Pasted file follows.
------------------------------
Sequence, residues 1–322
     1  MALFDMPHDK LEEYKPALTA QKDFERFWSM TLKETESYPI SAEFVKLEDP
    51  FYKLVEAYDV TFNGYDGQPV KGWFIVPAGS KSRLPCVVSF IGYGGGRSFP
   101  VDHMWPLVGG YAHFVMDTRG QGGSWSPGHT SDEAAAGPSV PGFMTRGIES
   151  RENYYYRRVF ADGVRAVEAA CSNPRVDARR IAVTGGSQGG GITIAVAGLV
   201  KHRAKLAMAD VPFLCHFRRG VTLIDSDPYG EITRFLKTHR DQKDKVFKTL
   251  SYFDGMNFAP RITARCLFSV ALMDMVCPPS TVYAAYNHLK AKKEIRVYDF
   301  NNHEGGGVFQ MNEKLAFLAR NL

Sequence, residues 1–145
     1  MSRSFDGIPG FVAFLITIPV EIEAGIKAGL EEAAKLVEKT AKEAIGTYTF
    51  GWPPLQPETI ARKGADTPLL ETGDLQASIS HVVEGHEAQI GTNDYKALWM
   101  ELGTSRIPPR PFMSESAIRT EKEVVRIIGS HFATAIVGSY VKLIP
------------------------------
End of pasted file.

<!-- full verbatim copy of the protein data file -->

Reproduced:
Sequence, residues 1–322
     1  MALFDMPHDK LEEYKPALTA QKDFERFWSM TLKETESYPI SAEFVKLEDP
    51  FYKLVEAYDV TFNGYDGQPV KGWFIVPAGS KSRLPCVVSF IGYGGGRSFP
   101  VDHMWPLVGG YAHFVMDTRG QGGSWSPGHT SDEAAAGPSV PGFMTRGIES
   151  RENYYYRRVF ADGVRAVEAA CSNPRVDARR IAVTGGSQGG GITIAVAGLV
   201  KHRAKLAMAD VPFLCHFRRG VTLIDSDPYG EITRFLKTHR DQKDKVFKTL
   251  SYFDGMNFAP RITARCLFSV ALMDMVCPPS TVYAAYNHLK AKKEIRVYDF
   301  NNHEGGGVFQ MNEKLAFLAR NL

Sequence, residues 1–145
     1  MSRSFDGIPG FVAFLITIPV EIEAGIKAGL EEAAKLVEKT AKEAIGTYTF
    51  GWPPLQPETI ARKGADTPLL ETGDLQASIS HVVEGHEAQI GTNDYKALWM
   101  ELGTSRIPPR PFMSESAIRT EKEVVRIIGS HFATAIVGSY VKLIP